Respectfully submitted by Lawrence E. Rafferty (rafflaw)-Weekend Contributor
Did you know that somewhere in America, it is illegal to feed the homeless in public? It can’t be true can it? It is true in Fort Lauderdale, Florida after the recent passage of an ordinance by the city council. The real scary part of that news is that Fort Lauderdale is not alone in taking this anti-compassionate stance!
“Over 30 cities across the nation have outlawed or are considering criminalizing the provision of food to homeless people. According to the National Coalition for the Homeless, over 20 cities have devised laws against giving food to homeless people since January 2013.” Nation of Change
While I can understand this stance if these cities are adding health guidelines to make such feeding attempts safer, I am shocked that over 30 cities have outlawed it or are considering outlawing the practice of giving food to the hungry and homeless. Are public picnics next on the hit list?
Why would any city want to stop the feeding of the homeless in public? Just who are these brigands who are trying to destroy the city of Fort Lauderdale by having the audacity to feed the hungry?
“In an act of compassion and civil disobedience, a 90-year-old man and two pastors in Fort Lauderdale openly defied a new city ordinance barring anyone from feeding homeless people in public. After police intervened and charged them with a crime, 90-year-old Arnold Abbott and Pastor Dwayne Black returned several days later to break the draconian law again. Although Abbott received another citation, police decided not to place him in custody.
Last Sunday, Arnold Abbott, Pastor Dwayne Black of The Sanctuary Church in Fort Lauderdale, and Mark Sims of St. Mary Magdalene Episcopal Church in Coral Springs fed homeless people in a public park in South Florida two days after the city passed a new ordinance outlawing the provision of food to vagrants in public. After getting arrested, the two pastors and elderly homeless advocate each face a $500 fine and up to 60 days in jail.
“One of the police officers said, ‘Drop that plate right now,’ as if I were carrying a weapon,” recalled Abbott. “It’s man’s inhumanity to man is all it is.”
On Wednesday evening, Abbott and Pastor Black remained undeterred as they served a four-course meal to nearly 100 homeless people at Fort Lauderdale Beach. After police officers recorded the simple act of kindness on their video cameras, they escorted Abbott away from the crowd to fingerprint him and issue another citation. Wary of public backlash, law enforcement officials chose not to place Abbott in handcuffs and haul him off to jail again.” Nation of Change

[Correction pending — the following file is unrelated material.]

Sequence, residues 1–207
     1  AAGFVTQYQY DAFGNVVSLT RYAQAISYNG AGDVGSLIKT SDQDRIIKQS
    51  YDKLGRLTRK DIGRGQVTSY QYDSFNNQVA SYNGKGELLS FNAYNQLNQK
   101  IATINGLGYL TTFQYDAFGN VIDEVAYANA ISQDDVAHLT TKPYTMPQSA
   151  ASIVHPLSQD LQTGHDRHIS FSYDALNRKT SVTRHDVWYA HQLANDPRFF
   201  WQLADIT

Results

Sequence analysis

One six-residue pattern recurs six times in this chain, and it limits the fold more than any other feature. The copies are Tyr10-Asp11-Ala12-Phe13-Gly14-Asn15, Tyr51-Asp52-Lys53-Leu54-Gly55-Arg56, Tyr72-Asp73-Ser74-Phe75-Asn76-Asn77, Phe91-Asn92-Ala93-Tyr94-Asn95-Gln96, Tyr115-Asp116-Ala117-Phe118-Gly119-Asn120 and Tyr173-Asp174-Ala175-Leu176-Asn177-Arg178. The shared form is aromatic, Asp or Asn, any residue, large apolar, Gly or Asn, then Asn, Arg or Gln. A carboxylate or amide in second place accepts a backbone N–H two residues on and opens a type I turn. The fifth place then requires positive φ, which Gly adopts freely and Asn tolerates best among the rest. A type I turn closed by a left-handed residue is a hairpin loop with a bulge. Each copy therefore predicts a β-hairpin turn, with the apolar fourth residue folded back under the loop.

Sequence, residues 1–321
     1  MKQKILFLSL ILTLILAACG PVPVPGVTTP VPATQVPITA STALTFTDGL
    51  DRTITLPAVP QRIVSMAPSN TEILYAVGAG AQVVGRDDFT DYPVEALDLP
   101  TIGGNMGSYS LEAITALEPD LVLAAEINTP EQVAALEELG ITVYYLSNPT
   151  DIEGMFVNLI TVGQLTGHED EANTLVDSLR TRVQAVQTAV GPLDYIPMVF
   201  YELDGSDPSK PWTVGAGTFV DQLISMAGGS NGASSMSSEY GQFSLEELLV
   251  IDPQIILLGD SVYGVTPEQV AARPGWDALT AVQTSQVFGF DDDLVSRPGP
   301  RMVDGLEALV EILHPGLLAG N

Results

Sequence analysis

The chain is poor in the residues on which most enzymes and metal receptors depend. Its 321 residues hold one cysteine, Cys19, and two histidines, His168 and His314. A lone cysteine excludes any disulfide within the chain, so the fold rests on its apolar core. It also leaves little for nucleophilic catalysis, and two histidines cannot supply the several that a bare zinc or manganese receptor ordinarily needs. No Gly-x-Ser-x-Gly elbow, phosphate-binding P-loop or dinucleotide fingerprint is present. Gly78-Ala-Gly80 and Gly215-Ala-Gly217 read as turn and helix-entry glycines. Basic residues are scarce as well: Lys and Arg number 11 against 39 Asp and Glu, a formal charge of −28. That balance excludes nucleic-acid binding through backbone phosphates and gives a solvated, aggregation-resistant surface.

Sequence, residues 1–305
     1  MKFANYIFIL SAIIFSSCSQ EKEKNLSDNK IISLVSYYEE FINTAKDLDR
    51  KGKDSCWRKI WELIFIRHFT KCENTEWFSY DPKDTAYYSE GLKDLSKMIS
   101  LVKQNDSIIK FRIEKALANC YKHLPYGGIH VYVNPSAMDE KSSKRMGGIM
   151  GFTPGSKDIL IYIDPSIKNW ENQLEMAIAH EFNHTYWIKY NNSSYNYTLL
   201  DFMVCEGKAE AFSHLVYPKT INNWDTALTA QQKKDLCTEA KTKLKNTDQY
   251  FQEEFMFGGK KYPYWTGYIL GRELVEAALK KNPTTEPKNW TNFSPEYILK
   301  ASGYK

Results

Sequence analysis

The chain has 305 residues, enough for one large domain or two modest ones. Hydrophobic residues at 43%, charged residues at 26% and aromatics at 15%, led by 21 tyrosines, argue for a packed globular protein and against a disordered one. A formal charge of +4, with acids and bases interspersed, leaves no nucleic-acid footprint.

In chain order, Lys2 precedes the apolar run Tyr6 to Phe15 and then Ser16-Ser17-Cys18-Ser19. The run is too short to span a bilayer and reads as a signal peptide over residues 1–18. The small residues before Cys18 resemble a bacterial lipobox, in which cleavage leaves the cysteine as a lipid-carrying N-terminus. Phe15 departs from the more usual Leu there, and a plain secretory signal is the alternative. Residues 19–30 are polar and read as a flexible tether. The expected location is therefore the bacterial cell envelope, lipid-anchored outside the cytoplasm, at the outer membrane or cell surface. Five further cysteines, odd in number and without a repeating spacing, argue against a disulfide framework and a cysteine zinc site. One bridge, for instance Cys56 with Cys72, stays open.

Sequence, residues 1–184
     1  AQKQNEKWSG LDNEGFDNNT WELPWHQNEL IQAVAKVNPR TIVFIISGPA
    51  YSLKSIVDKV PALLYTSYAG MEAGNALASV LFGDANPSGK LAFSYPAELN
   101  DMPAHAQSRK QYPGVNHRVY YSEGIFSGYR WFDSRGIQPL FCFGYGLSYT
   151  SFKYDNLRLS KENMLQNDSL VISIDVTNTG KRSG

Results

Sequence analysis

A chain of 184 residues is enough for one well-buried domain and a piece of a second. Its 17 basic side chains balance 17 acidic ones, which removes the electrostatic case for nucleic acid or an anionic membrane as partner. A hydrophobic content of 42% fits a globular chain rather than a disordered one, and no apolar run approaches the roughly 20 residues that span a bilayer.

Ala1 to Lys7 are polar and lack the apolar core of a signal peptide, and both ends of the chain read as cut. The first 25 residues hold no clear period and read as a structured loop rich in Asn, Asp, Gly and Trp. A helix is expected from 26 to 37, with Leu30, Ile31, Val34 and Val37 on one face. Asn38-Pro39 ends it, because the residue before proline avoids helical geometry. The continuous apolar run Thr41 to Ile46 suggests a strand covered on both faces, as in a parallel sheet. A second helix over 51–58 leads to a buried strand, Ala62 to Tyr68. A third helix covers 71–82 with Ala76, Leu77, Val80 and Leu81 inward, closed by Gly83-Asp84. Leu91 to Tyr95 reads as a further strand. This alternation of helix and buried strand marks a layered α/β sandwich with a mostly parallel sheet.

The City of Fort Lauderdale claims that they don’t want hungry and homeless people fed in public because they claim it will only keep them from trying to get out of the cycle of homelessness. Of course, one has to wonder if the real reason might be related to the tourism trade that brings in big dollars to Fort Lauderdale. After all, it seems that this latest ordinance to ban the feeding of the homeless in public is just one of the anti-homeless ordinances passed by the city fathers of Fort Lauderdale.
“Backed by the Chamber of Commerce, the recent city ordinance is the fourth law Fort Lauderdale has passed this year against the homeless. The other laws ban homeless people from panhandling at traffic intersections and outlaw sleeping or storing their belongings on public property. According to Pastor Black, the recent food-sharing ordinance passed after a long meeting past midnight after many people had gone home.
“It’s a pubic safety issue. It’s a public health issue,” Fort Lauderdale Mayor Jack Seiler rationalized. “The experts have all said that if you’re going to feed them to get them from breakfast to lunch to dinner, all you’re doing is enabling that cycle of homelessness.”
One of these so-called experts is Ron Book, a city lobbyist who commended the Fort Lauderdale commissioners for passing the ordinance. Book told the commissioners that feeding impoverished people on the streets merely sanctions homelessness. Book added, “Whatever discourages feeding people on the streets is a positive thing.” ‘ Nation of Change
I just love it when experts turn out to be lobbyists pedaling their bosses wares. Mr. Abbot has made it his life’s work to help the poor and this isn’t the first time he has fought with Fort Lauderdale over feeding people in public. He won a court case against the city in 1999 over this same issue and Fort Lauderdale may be looking at another court case over this issue.
While I do understand that large groups of homeless people can impact the look and feel of any city, the realities of how many of these people end up on the streets is no mystery. However, it seems that Fort Lauderdale would rather punish the poor and the people trying to help them rather than attempt to help solve some of the problems that leads people into the streets.
Mr. Abbott and the ministers have taken it upon themselves to treat these homeless people as humans and strive to provide them with a meal. Fort Lauderdale gets an early Grinch award for punishing the modern-day Samaritans who are doing the job that Fort Lauderdale refuses to do. Kudos to these individuals who are risking themselves to help the less fortunate.
I think it is time for the Mayor and the City Council to start rolling up their sleeves and helping feed and house and treat the homeless. Or get out-of-the-way. What do you think?
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